The pound euro exchange rate extended gains from the start of the week. In the previous session the pound euro pair climbed steadily higher, although once again this was more a story of euro weakness rather than a particularly strong pound. The pound euro exchange rate increased by a further 0.3%, pushing back above €1.14 for the first time in a week.
|What do these figures mean?|
When measuring the value of a pair of currencies, one set equals 1 unit and the other shows the current equivalent. As the market moves, the amount will vary from minute to minute.
For example, it could be written: 1 GBP = 1.13990 EUR
Here, £1 is equivalent to approximately €1.14. This specifically measures the pound’s worth against the euro. If the euro amount increases in this pairing, it’s positive for the pound.
Or, if you were looking at it the other way around: 1 EUR = 0.87271 GBP
In this example, €1 is equivalent to approximately £0.87. This measures the euro’s worth versus the British pound. If the sterling number gets larger, it’s good news for the euro.
The pound was broadly static on Tuesday, as investors digested more trouble for UK Prime Minister Theresa May and as they wait patiently for the Bank of England rate decision on Thursday. Stories of government infighting over a potential customs partnership with the EU had rocked the boat in the UK Conservative party earlier in the week. On Tuesday, the House of Lords inflicted a fresh blow to Theresa May’s government, challenging her decision to have a fixed date for leaving the EU next year. This is just the next in a series of amendments from the Lords, as May’s position looks increasingly weak and the details of Brexit still looks extremely uncertain.
|How does political risk have impact on a currency?|
|Political risk drags on the confidence of consumers and businesses alike, which means both corporations and regular households are then less inclined to spend money. The drop in spending, in turn, slows the economy. Foreign investors prefer to invest their money in politically stable countries as well as those with strong economies. Signs that a country is politically or economically less stable will result in foreign investors pulling their money out of the country. This means selling out of the local currency, which then increases its supply and, in turn, devalues the money.|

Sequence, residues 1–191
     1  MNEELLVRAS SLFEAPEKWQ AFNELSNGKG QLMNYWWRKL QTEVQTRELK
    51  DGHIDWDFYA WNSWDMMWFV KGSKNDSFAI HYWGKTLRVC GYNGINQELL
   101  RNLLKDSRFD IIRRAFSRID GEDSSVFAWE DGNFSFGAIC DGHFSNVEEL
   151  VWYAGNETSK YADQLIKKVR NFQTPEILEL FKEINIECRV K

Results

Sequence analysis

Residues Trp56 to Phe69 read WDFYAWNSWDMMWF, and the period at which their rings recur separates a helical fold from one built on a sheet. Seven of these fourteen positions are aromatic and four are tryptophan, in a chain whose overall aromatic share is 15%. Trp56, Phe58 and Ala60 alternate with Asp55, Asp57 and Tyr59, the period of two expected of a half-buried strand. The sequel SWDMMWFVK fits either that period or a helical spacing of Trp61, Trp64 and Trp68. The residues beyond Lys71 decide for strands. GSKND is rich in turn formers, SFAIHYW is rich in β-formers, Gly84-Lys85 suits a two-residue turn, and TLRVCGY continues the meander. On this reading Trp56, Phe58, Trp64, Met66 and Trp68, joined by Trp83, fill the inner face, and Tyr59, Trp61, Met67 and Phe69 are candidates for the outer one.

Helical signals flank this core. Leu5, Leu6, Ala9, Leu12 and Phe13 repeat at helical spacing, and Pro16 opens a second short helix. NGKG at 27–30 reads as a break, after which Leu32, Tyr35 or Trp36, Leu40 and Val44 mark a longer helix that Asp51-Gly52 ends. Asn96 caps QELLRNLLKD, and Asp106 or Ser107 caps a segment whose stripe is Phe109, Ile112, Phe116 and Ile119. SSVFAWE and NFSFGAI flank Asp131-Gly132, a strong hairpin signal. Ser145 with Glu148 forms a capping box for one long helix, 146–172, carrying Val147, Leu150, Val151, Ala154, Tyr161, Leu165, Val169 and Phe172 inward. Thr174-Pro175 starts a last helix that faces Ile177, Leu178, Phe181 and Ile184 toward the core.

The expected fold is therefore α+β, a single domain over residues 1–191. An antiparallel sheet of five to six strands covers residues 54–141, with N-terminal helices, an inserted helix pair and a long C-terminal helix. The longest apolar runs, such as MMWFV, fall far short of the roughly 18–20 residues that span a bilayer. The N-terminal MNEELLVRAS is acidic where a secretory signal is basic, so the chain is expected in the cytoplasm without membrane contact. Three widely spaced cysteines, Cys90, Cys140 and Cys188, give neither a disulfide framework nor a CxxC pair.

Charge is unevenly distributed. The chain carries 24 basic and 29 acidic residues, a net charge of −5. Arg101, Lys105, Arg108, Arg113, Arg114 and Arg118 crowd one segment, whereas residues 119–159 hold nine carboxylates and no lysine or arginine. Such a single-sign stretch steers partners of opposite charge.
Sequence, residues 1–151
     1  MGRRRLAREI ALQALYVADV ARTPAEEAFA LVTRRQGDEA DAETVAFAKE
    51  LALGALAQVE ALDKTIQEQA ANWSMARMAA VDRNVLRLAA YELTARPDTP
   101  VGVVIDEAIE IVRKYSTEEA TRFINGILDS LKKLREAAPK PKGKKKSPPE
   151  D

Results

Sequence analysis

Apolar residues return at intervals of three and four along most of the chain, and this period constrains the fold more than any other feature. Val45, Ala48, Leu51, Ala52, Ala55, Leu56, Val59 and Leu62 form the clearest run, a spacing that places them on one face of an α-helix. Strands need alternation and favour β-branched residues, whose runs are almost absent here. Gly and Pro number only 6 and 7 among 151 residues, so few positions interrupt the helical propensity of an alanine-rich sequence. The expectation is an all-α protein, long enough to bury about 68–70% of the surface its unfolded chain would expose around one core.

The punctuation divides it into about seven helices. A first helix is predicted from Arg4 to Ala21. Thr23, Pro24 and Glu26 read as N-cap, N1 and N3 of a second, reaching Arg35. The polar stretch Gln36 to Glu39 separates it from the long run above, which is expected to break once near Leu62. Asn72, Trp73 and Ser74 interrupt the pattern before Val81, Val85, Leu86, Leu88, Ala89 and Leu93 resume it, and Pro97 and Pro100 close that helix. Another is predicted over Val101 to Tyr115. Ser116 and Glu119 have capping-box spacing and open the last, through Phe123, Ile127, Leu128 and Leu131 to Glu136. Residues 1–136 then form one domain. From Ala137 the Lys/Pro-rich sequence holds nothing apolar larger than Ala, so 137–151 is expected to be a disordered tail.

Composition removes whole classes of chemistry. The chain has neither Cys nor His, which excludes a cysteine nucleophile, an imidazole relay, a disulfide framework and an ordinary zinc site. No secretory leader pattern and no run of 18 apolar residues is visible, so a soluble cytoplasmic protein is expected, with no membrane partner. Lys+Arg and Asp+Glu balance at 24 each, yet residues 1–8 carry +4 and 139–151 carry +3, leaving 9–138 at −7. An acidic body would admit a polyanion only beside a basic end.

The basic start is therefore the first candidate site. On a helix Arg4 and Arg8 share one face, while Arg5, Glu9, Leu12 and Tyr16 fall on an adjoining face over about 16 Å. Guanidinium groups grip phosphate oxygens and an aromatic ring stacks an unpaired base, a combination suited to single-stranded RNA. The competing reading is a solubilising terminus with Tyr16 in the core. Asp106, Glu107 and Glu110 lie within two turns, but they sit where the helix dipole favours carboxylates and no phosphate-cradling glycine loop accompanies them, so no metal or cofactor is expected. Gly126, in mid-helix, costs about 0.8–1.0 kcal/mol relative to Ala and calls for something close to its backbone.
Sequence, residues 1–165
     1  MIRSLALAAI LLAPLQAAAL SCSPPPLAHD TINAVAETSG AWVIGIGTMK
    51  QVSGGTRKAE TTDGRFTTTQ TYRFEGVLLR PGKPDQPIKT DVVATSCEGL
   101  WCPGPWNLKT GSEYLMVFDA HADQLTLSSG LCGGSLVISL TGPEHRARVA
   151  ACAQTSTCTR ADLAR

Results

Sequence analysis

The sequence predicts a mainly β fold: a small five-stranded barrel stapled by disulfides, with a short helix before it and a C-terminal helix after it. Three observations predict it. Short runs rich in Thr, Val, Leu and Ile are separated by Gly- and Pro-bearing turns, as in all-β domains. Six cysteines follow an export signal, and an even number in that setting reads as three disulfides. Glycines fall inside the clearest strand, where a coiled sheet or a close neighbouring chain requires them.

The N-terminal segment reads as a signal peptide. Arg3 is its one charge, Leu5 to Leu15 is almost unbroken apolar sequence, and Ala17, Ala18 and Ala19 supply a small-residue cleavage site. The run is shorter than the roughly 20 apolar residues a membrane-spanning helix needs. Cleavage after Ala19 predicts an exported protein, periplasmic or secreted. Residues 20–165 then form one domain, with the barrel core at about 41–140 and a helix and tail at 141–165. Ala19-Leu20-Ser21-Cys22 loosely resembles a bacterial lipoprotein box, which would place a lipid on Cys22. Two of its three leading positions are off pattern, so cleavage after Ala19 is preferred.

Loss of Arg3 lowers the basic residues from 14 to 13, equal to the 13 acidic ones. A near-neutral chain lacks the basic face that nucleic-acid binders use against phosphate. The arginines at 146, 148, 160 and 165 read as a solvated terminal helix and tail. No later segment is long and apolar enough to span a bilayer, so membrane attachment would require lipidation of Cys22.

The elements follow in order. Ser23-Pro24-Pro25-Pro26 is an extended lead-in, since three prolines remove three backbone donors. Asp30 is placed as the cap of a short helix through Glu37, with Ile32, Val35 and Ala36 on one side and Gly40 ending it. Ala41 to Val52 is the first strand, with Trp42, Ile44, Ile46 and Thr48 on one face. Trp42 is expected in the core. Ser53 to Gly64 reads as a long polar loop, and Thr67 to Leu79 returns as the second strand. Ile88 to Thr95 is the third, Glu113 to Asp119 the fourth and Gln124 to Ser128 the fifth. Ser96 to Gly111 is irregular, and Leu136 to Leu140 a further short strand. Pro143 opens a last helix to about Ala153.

This week has been very quiet as far as the UK economic calendar is concerned and today is no different, ensuring that market participants remain fixed on the pending BoE rate decision on Thursday. Whilst no rate hike is expected, investors will be watching the quarterly inflation report and growth outlook carefully, especially following the weak GDP reading last month.
The euro has been under pressure this week as data coming out of Germany, the largest economy in the eurozone disappointed, fanning fears that the eurozone economy is starting to slow. Added to this there are growing concerns that an Italy may hold a second election as no coalition has been formed following the elections in March. The fear is that voters may look to the more populist party’s such as 5 Star, which is has been Eurosceptic in the past. A rerun of the elections could see 5 Star, which performed strongly in the first elections, win an outright majority which could be bad news for the euro.
There is no eurozone economic data due for release today. The euro therefore may struggle for direction.
This article was initially published on TransferWise.com from the same author. The content at Currency Live is the sole opinion of the authors and in no way reflects the views of TransferWise Inc.